Study of Black Death skeletons reveals plague may have been airborne
An analysis carried out on 25 skeletons of plague victims discovered by railway engineers beneath London last year, has revealed that the Black Death was even more lethal than previously thought. Scientists are now doubtful that the epidemic was spread by the bites of infected fleas living on rats. Instead, it appears that the pathogen mutated into a more virulent strain that was airborne.
The Black Death arrived in Britain from central Asia in the autumn of 1348 and by late spring the following year it had killed six out of every 10 people in London. It was one of the most devastating pandemics in human history, resulting in the deaths of an estimated 75 to 200 million people.
An analysis on the DNA extracted from the 14 th century skeletons unearthed in London revealed traces of Yersinia pestis bacterium, the pathogen responsible for the Black Death, confirming what scientists had suspected – the remains belonged to plague victims who had been hastily buried in a mass grave. Guided by underground radar scans, researchers now plan to expand their search for more victims as it is believed there could be hundreds if not thousands more nearby.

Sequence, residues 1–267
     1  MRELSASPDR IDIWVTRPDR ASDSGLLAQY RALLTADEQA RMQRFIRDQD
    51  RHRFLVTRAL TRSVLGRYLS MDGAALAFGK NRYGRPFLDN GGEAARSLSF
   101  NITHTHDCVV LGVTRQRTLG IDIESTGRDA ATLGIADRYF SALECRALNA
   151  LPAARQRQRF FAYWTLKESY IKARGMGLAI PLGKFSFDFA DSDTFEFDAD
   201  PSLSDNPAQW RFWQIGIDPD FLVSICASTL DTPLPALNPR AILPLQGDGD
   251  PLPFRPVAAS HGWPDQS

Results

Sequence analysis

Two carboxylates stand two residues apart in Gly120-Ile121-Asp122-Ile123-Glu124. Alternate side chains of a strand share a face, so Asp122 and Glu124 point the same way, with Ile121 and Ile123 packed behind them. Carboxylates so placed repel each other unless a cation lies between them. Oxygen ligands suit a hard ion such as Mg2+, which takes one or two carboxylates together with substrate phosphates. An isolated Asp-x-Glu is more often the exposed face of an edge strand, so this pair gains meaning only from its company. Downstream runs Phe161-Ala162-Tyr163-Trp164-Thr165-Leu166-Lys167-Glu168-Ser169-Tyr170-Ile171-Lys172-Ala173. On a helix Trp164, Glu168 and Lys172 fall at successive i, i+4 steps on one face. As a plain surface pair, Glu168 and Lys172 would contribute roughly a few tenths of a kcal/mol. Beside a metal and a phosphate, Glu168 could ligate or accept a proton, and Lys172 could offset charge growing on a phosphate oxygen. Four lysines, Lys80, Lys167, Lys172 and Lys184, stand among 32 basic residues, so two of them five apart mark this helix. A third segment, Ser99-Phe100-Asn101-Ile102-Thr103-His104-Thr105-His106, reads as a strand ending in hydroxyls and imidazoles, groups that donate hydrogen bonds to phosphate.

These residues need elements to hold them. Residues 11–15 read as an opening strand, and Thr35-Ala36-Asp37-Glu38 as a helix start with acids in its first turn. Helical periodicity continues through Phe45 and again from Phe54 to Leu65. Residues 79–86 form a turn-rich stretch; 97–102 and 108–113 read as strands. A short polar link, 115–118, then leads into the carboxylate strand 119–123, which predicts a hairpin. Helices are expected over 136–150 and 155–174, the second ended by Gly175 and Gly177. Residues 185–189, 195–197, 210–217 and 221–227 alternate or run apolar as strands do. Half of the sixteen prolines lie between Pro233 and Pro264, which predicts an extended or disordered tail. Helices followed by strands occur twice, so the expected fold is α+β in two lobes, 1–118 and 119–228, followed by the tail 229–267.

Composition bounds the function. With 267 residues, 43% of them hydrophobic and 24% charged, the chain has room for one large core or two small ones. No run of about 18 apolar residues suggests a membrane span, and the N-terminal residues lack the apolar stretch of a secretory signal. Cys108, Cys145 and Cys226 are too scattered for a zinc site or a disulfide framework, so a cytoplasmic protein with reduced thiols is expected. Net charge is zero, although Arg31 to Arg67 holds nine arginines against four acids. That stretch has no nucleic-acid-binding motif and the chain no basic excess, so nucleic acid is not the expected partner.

Traces of Yersinia pestis were found in the 14 th century skeletons. Photo source .
Scientists compared the strain of the plague preserved in the victims, to a strain that was recently responsible for killing 60 people in Madagascar. To their surprise, the 14th-century strain, was no more virulent than today's disease. That means that there must have been another factor that caused the 14 th-century strain to become a deadly pandemic, while the Madagascar one did not.
The findings cast doubt on the ‘facts’ that every schoolchild has learned for decades – the Black Death was caused by a highly contagious strain spread by fleas on rats.
“As an explanation for the Black Death in its own right, [bubonic plague is] simply not good enough,” said Dr Tim Brooks, an expert in infectious diseases at Public Health England. “It cannot spread fast enough from one household to the next to cause the huge number of cases that we saw during the Black Death epidemics.”
The Black Death was one of the most deadly pandemics in recorded history. Image source .
Scientists working at Public Health England have therefore suggested a different cause - for any plague to spread at such a pace it must have got into the lungs of victims who were malnourished and then spread by coughs and sneezes – fatal in medieval Europe’s crowded cities. It was therefore a pneumonic plague rather than a bubonic plague, which had a much lower survival rate and could kill within 24 hours.
“In a small number of people … the organism will spread to their lungs and they will then develop a pneumonia,” said Dr Brooks. “It is that critical switch, that if there were enough people in contact with them, that allows it to spread as a pneumonic plague.”
The results of the study have led to a breakthrough in our understanding of the ancient pandemic of the 14 th century, and offers new hope in the understanding of how plagues evolve and spread over the centuries.
Featured image: Black Death at Tourinai, 1349. Image source .